The Proper Way to Greet People in Different Countries

By SuitcaseTravelBlog | Feb 17, 2023

Traveling is a fascinating way to discover cultures, traditions, folklore, and customs from around the world.

Lots of incredible things we have learned during our trips and this valuable experience has become even more enriching, inspiring, and delightful.

The best way to prepare for a trip is to learn the local traditions and basic etiquette rules. This will make you feel more confident and will help you avoid embarrassing situations.

In addition, a respectful greeting will not only create a positive atmosphere, but it also encourages you to make new friends.

Handshake


Eastern and most of Western Europe, United States, Canada, Middle East

Shaking Hands Sculpture “Peace” on Capitol Mall in Sacramento, California. The artist, Stephen J. Kaltenbach.

Handshakes are one of the most common forms of respectful greetings in the world.

Historically, handshakes represent established peace and demonstrate that no weapon is held in the hand.

During the medieval period, knights would extend their hands to each other as a promising sign of trust.

It is also a symbol of agreement and bonding.

Ancient Greeks used the handshake to express sincere friendship and generous hospitality.

This friendly gesture is still practiced today.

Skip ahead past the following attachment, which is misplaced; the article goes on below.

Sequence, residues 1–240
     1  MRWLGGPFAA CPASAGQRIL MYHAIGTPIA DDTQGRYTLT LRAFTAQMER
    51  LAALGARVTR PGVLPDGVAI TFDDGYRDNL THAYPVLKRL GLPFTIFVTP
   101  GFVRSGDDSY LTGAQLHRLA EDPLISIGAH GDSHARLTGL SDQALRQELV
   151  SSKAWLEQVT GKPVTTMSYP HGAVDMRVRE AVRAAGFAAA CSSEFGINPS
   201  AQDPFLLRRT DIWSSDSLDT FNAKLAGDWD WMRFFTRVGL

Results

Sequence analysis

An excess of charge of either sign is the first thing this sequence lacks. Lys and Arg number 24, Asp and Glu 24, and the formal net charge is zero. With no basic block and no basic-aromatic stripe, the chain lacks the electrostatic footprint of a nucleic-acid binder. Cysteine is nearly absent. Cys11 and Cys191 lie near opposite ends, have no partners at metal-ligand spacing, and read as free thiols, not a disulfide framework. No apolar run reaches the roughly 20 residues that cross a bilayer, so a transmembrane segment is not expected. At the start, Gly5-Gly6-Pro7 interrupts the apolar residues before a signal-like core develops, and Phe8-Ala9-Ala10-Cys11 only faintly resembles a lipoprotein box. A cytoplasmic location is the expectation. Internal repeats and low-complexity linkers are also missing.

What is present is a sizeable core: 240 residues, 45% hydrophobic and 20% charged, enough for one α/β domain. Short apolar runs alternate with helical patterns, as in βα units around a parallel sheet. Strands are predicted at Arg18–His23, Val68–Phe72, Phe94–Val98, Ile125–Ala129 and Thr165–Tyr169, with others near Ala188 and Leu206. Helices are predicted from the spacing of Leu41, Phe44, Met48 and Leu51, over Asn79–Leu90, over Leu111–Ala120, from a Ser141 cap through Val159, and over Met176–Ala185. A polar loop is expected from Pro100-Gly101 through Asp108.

In Europe, a handshake must be firm, short, and energetic, with good posture and eye contact.

However, in the Middle East, firm grips are considered rude.

In Canada and the United States, handshakes are also customary, but young Americans can greet friends by patting them on the back, fist-bumping, hugging, nodding, or simply waving in a friendly manner.

Remember that only the right hand is given for a handshake. The same rules apply to left-handed people.

While handshakes are more common, greetings in other countries may be slightly different.

Let's take a look at how people greet one another around the world:

New Zealand


A handshake is a standard greeting in New Zealand. It has to be firm, simultaneously and accompanied by eye contact to reflect trust and integrity.

Indigenous Polynesian Maori people use the “hongi” as a traditional greeting: they press the tip of the nose and forehead against the tip of the nose and forehead of another person.

The literal meaning of “hongi” is the “sharing of breath.”

Many people of Maori prefer to “hongi “ instead of shaking hands.

Tibet


Greeting in Tibet is a very unusual way of saying “Hello.”

People stick out their tongues in greeting. Why do they do it?

Tibetans believe that demons live among people and can only be identified by the black tongue. As a result, sticking out your tongue when meeting new people will be the most convincing proof that you don't have a demonic spirit.